As stated, I checked out of my hostel in Kyoto and went straight to the train station and took the next train to Nagoya, a city that has nothing particular of note, except a robot museum, which intrigued me. I rode the hour or so to Nagoya, got off, and then went off in search of the left luggage lockers. This ended up being a complete failure, since all lockers big enough for my backpack were taken. With one eye on my watch, the other looking at the limited things of interest to me in Nagoya, I decided it would be better to have a bit more time in Tokyo, since I would need to get to my hostel and check in before meeting a friend, set for 5:30 that evening. So I boarded the next train to Tokyo, and by mid-afternoon, I found myself at Tokyo station. I navigated the subway to the area near my hostel, and had a bit of a misadventure reading the map. Normally I am quite good at maps, but somehow I made a mental error that cost me an extra half hour or so of walking with my heavy backpack, rendering me a bit sweaty by the time I actually got to the hostel. Small matters, though. I checked in, took a shower, and rushed off to meet my friend, running a bit late for our 5:30 meeting. That was fortunate, though, since Akira, a half-Japanese friend from high school, ended up being even later than I was, having been held up at work.
After a phone call from a pay phone and a bit of waiting (during which I made seat reservations for the train the following day), I found Akira, and seeing him for the first time was a bit of a shock, I must say. Quick background. Akira graduated from my high school in 2003, and I am pretty sure I had not talked to him since December that same year. We were in orchestra and Youth Symphony together. I remember him always being on the good side of absurd, and, I might say, quite irresponsible. It was a bit of a shock for me to see him in a suit, carrying a briefcase, and being a contributing member to society. He is gainfully employed, and it was wonderful to catch up after all those years. Funny, since I was 16 or 17 when we last talked. Thus, the entirety of our college careers were mysteries to each other, giving us a lot to talk about, but leaving us clueless about where to start. Plus, the sushi dinner was fabulous. Puts very fresh sushi in the US to shame.
After dinner, we went up the Tokyo Tower, which was fun. I enjoyed seeing all of Tokyo from above. It is even more impossibly big than Seoul. And the tower, interesting in and of itself, offers amazing views of the city.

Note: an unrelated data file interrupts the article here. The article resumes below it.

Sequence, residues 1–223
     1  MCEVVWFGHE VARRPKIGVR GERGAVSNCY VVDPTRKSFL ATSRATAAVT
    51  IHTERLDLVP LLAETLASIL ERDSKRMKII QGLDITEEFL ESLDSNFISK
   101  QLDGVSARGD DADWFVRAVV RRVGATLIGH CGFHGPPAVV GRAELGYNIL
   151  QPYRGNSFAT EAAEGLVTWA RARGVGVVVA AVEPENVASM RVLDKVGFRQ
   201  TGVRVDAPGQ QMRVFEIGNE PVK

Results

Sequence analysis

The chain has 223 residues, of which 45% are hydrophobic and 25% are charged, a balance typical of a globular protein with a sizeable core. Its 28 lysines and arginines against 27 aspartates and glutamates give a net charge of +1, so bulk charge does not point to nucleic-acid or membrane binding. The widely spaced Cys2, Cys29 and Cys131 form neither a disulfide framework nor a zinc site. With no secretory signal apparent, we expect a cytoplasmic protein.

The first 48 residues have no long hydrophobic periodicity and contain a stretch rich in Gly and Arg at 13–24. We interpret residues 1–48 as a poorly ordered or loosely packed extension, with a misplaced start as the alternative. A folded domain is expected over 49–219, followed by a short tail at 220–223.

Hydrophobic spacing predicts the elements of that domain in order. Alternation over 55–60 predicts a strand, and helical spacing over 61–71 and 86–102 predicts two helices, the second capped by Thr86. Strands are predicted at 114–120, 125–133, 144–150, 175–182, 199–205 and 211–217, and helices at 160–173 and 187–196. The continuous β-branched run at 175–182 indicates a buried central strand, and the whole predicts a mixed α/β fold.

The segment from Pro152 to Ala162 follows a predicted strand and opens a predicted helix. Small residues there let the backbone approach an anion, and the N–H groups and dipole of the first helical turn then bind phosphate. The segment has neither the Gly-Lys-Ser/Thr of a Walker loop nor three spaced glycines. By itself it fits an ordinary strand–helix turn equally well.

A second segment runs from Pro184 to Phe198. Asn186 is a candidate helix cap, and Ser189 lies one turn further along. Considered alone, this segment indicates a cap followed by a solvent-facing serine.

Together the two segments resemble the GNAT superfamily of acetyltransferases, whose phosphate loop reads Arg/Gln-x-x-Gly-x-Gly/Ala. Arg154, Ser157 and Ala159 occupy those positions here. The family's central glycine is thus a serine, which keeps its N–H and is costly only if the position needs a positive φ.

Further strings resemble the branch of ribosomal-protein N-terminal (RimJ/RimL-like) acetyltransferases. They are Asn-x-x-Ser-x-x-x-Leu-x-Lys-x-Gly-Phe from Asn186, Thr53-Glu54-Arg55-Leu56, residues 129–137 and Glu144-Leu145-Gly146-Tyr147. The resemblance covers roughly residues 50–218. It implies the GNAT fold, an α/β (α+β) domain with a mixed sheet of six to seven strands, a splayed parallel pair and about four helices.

And then we had to part ways, sadly, and I was left to wander the streets of Tokyo on my own. I can’t say I took any particular liking to the city, but it was certainly interesting and fun to be there.
The next morning, I chatted with the hostel staff to see whether I could leave most of my luggage there while I went on for a couple days to see some more places and, if things came together, climb Fuji. They said it was no problem, as long as I made a reservation for when I got back and paid in advance. No problem. So I did, and then headed out to see the nearby temple, Senso-ji, which was quite pretty, before going on to Matsumoto, a town that is the usual entry point to the “Northern Alps,” the mountain range that is to the west of Tokyo. The ride there awarded some stunning views:
And of course, my love for trains means the two and a half hour ride was wonderfully pleasant. Better yet, though the weather was not amazing, it was clearly much better than what I was leaving behind in Tokyo (apparently it rained all of that day, so I clearly chose wisely).
I arrived in Matsumoto, called the ryokan (a traditional Japanese guesthouse) where I was staying, and the owner came to pick me up 15 minutes later. The big treat of going to Matsumoto was that I had splurged on having a private room in a ryokan there (not my first choice, admittedly, but there were limited accommodation possibilities). This was one of many reasons why Matsumoto was one of the major highlights of the trip, second only to Fuji. The owner showed me to my room and then gave me good directions to the castle that is the city’s main attraction, as well as to the two streets that are particularly nice. I thanked her and went on my way.
The castle there I just fell in love with. In contrast to Himeji-jo, nicknamed the “White Heron Castle,” the castle in Matsumoto was a striking black, gaining it the nickname “Black Crow Castle” or something like that. The bridge leading up to it offered nice contrast with its bright red colour. And inside was wonderfully preserved. Awesome.
Then, following my tour, I stumbled across the Matsumoto Music Festival, which was finishing up that afternoon. The group performing was fantastically hilarious. Check it out:
I also wandered quickly through their city museum, which was a very eclectic assortment of items detailing “life in Matsumoto.”
Following my jaunt through the museum, I rambled down the two streets my hostess had recommended, which were also adorable.
I had a nice dinner of cold soba noodles and tempura (an excellent recommendation by Jessa which was enjoyed on several occasions) in a small, quiet restaurant, and then headed back to my guesthouse to make use of the mineral baths. With my plans for the next night including climbing Fuji overnight, I called it an early night and slept well, feeling extremely clean and woke the next morning for a wonderful breakfast. The ryokan was well worth the $45 or so I spent on it.
But, alas, again, it was time to move on, and mistakenly believing the best way to Fuji was through Tokyo, I took a train to Nagano (from where a bullet train goes to Tokyo in just 1 hour and 40 minutes). Nagano apparently had a very nice temple, according to my trusty Rough Guide to Japan, so I climbed aboard and moved to my next destination. Covered next.